UNIVERSITY PARK - Thousands of people lined streets Wednesday as Joe Paterno's private funeral Mass was under way.
Two news helicopters flew above the streets of State College and Penn State University to capture an aerial view of the funeral procession for the coach who, to his fans, left a monumental legacy. People stood quietly waiting, craning their necks to see over the crowd.
It was so quiet that a whisper could be heard.
Sentinel photo by CHRIS McFARLAND
A tribute message to Joe Paterno is displayed on top of a taxi.
"I still can't believe it's Joe Paterno in there," Penn State junior Katie Kolanda said to her friend standing outside of the university's Pasquerilla Spiritual Center.
Paterno, 85, the winningest coach in major college football history, died Sunday.
People inside the spiritual center for the Mass included Mike McQueary, the assistant football coach who reported to Paterno in 2002 that he had allegedly seen former defensive coordinator Jerry Sandusky sexually abusing a child in a shower in the Penn State football building.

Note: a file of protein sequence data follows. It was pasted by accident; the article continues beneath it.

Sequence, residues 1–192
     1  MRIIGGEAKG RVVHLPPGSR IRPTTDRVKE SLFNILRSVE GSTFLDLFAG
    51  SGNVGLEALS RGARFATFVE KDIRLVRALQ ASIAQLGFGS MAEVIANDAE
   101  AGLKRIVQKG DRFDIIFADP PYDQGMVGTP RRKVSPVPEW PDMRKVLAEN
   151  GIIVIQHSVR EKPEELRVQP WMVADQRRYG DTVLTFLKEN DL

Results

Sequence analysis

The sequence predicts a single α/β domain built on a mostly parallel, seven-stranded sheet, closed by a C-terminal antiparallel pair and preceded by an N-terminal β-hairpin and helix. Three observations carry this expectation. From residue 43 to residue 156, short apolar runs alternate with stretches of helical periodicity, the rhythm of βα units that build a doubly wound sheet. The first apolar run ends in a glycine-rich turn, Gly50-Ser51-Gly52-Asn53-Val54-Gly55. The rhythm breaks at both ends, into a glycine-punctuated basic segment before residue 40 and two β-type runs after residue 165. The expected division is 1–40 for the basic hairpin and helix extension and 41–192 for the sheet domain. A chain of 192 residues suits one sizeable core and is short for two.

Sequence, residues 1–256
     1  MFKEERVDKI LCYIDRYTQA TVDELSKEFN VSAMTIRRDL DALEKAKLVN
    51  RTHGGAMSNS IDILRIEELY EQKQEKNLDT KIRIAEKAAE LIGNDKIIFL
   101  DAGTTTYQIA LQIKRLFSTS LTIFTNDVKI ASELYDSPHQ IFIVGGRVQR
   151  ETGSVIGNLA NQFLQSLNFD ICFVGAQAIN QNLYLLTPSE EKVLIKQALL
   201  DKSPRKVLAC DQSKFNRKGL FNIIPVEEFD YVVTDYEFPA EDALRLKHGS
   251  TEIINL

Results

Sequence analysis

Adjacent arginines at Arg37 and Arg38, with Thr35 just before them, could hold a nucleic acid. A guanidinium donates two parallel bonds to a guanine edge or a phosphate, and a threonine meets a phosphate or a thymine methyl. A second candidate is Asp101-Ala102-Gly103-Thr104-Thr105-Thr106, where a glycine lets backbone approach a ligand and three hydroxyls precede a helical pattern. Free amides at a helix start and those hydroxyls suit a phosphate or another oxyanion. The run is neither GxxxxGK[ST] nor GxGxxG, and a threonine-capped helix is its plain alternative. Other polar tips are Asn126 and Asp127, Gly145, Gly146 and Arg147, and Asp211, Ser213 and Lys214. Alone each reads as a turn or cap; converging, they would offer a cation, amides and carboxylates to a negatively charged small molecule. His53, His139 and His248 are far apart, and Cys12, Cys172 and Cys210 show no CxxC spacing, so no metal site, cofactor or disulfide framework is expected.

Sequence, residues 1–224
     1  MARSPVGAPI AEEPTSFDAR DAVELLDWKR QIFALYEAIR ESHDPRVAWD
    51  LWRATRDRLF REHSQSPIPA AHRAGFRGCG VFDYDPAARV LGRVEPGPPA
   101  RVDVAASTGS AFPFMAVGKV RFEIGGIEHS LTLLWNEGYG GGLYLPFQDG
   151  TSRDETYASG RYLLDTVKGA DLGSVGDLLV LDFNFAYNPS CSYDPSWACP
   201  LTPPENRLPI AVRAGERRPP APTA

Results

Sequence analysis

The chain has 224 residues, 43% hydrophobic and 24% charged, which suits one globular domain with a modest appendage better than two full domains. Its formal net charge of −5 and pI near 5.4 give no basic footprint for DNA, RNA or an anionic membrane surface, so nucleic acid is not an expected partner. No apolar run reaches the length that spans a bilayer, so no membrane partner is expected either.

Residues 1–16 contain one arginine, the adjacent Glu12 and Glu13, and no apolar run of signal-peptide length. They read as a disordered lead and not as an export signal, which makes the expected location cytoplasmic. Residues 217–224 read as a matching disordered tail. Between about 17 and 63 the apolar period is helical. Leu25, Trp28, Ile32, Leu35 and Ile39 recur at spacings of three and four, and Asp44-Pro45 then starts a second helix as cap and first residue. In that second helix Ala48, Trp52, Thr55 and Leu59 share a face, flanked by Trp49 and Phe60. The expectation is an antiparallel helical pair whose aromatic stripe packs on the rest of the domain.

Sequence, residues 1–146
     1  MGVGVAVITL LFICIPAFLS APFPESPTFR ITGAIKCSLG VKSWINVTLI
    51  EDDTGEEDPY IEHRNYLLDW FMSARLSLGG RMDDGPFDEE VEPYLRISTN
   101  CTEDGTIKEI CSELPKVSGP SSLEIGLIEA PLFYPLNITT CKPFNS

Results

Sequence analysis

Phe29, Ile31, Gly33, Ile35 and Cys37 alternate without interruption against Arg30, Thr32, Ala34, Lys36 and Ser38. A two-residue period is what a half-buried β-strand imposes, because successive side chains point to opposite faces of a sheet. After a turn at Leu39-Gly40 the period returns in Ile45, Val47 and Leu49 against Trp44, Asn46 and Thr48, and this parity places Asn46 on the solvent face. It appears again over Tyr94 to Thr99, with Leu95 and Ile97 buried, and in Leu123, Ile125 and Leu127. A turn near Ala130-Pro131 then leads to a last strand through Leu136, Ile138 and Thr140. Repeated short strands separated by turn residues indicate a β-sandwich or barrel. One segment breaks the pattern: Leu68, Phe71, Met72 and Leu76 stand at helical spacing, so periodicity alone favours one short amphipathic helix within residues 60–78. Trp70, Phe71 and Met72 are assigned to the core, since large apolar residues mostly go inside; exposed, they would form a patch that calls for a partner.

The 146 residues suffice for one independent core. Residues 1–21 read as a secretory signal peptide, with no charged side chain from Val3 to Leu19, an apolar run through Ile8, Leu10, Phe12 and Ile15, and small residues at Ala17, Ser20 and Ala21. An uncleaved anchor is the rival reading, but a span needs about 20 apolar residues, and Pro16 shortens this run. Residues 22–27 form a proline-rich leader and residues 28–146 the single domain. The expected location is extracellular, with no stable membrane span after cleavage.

Paterno, in turn, reported the incident to his superiors, a grand jury report stated, but was dismissed in November by the university's Board of Trustees for not calling police. Paterno was diagnosed with lung cancer 10 days after he was fired.
Pall bearers loaded Paterno's casket into a blue hearse, and about 200 people emptied the Pasquerilla Spiritual Center. Paterno's family regularly attends Mass at the Suzanne Pohland Paterno Catholic Student Faith Center just a block from the Pasquerilla Center.
The motorcade consisted of 11 vehicles: the hearse carrying Paterno's casket; five cars whose occupants included Catholic priests and former Penn State players, including Franco Harris; two police cars; and two buses and one van for Paterno's family.
The procession left the Pasquerilla Center, turned left onto Curtin Road to drive past Beaver Stadium, then turned right onto Porter Road and right again onto College Avenue, heading west through downtown State College to a private burial service.